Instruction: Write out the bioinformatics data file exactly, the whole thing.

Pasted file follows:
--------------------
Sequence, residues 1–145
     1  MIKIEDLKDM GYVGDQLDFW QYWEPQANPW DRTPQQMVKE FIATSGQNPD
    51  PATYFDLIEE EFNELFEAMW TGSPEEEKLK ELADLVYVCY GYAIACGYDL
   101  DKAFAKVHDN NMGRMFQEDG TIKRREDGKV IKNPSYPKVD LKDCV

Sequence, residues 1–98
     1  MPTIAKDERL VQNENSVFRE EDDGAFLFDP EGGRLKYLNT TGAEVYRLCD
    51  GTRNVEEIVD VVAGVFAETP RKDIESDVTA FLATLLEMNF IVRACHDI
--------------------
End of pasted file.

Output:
Sequence, residues 1–145
     1  MIKIEDLKDM GYVGDQLDFW QYWEPQANPW DRTPQQMVKE FIATSGQNPD
    51  PATYFDLIEE EFNELFEAMW TGSPEEEKLK ELADLVYVCY GYAIACGYDL
   101  DKAFAKVHDN NMGRMFQEDG TIKRREDGKV IKNPSYPKVD LKDCV

Sequence, residues 1–98
     1  MPTIAKDERL VQNENSVFRE EDDGAFLFDP EGGRLKYLNT TGAEVYRLCD
    51  GTRNVEEIVD VVAGVFAETP RKDIESDVTA FLATLLEMNF IVRACHDI